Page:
Re-examining everyday choices

Robin Farrell Edmunds

By A Contributor

Mary Margaret Masters, also known as Maggs, is generally happy with her well-to-do life as a wife and mother in Mobile, Alabama, but is beginning to feel “that something was definitely missing. She thought the something might be herself.”

Maggs, 52, loves caring for Stephen, her husband of thirty years, their four children, three young grandchildren, and all her activities, but is frustrated: “She felt like a hamster running inside one of those brightly colored wheels, not knowing where she was going or how to get off, but almost always exhausted at not getting anywhere.”

She’s thrown a curve or possibly a lifeline when her Great Aunt Eleanor passes away and leaves Myrtlewood, the family estate in South Carolina, to her on the promise she live there for one month before deciding what to do with the property. It’s during that time Maggs starts writing her first novel and meets a man who makes her question even more her life in Mobile.

This is Pritchett’s debut novel. She’s retired, living in a small Alabama town, but grew up traveling as an “army brat.”

Though most readers might associate Indian summer with a warm autumn, it also means a flourishing time occurring toward the end of something, so the title refers to Maggs’ on-going introspection.

It’s a testament to Pritchett’s talent that her characters seem to live and breathe and are authentic in their language and relationships with other characters. We all know people like Maggs’ daughter, Leah, who gets on her “high horse” and can be judgmental.

The author also shows that, as in real life, situations aren’t all black and white; they can be gray, with no real villains and heroes.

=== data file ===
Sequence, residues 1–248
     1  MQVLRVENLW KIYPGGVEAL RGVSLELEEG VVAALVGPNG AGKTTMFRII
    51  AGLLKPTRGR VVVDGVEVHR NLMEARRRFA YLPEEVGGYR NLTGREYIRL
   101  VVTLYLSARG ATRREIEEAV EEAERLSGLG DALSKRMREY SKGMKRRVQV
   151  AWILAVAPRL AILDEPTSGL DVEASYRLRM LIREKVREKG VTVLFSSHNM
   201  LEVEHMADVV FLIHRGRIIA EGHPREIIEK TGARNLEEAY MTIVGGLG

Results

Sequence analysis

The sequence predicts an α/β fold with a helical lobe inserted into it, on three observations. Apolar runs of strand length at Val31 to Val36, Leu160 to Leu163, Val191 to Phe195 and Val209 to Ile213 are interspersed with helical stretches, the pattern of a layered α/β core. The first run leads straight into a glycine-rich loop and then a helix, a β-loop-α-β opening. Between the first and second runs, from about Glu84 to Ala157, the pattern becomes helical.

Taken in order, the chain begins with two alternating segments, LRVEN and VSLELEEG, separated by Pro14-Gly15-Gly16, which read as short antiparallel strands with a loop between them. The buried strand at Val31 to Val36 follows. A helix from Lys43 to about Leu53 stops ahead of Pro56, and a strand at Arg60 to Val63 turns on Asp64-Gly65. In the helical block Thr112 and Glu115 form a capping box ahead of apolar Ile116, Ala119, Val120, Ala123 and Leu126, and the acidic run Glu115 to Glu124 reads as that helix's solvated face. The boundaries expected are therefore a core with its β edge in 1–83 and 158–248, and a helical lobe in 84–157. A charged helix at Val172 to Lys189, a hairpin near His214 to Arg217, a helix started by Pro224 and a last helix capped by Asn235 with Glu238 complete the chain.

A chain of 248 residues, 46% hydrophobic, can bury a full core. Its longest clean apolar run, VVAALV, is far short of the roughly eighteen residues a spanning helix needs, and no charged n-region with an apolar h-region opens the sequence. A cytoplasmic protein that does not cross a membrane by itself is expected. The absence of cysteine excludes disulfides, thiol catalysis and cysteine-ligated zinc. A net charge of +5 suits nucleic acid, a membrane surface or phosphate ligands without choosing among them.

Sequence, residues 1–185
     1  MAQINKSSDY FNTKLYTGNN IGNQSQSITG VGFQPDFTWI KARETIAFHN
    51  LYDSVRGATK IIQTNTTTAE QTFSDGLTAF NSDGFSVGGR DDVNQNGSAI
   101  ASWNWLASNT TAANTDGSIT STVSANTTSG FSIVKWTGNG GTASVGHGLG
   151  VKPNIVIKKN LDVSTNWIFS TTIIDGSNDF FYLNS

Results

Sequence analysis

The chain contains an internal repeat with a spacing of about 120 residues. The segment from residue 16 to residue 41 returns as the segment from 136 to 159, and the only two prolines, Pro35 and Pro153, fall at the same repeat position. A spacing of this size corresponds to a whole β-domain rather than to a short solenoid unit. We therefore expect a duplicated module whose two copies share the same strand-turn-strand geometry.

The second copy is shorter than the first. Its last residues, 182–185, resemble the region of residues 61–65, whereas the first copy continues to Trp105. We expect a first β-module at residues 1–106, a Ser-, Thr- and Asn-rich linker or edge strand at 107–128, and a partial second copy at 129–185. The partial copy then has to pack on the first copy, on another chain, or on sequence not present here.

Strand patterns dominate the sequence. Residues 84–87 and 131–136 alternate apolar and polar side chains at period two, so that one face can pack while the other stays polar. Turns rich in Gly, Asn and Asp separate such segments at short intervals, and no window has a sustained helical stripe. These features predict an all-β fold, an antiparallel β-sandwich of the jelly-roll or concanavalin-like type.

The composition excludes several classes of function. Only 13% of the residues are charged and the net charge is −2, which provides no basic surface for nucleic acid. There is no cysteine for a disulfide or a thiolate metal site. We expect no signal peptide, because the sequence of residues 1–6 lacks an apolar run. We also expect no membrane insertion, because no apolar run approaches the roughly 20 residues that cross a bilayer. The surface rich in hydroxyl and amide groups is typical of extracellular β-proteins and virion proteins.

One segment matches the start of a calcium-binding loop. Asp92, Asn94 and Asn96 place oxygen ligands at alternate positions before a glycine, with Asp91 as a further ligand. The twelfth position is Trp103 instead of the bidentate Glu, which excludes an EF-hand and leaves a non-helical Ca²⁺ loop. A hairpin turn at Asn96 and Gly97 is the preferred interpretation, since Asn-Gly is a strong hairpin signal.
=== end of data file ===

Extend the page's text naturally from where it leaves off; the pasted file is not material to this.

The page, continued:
The writing is wonderful: “Before Tom came in from his evening chores, the journal had been reduced to ashes, and he found them drinking tea in what he might have described as a conspiratorial mood if he had been an articulate man.”

The author indicates she began this manuscript nearly twenty years ago. While the questions at the center of the novel remain timeless, advances in technology would probably dictate that as a successful business owner, Stephen would more than likely have a cell phone that Maggs could call, rather than just the office or home answering machines. Since lack of communication between the two is at times central to the plot, it might work better if the story was actually set back in the time it was originally conceived.

This book is recommended for those who enjoy books with great true-to-life characters, told in wonderfully crafted language by a very talented storyteller.

The cover—depicting a stone bench beneath overhanging trees—is a drawing of what a part of Myrtlewood might look like.

“Teas, dances, graduations, engagements, weddings, christenings—all were celebrated grandly and joyously at Myrtlewood; and there was even an occasional retreat to mend a broken heart.”

Robin Farrell Edmunds is a media clerk at Lee Elementary and a Manhattan resident.

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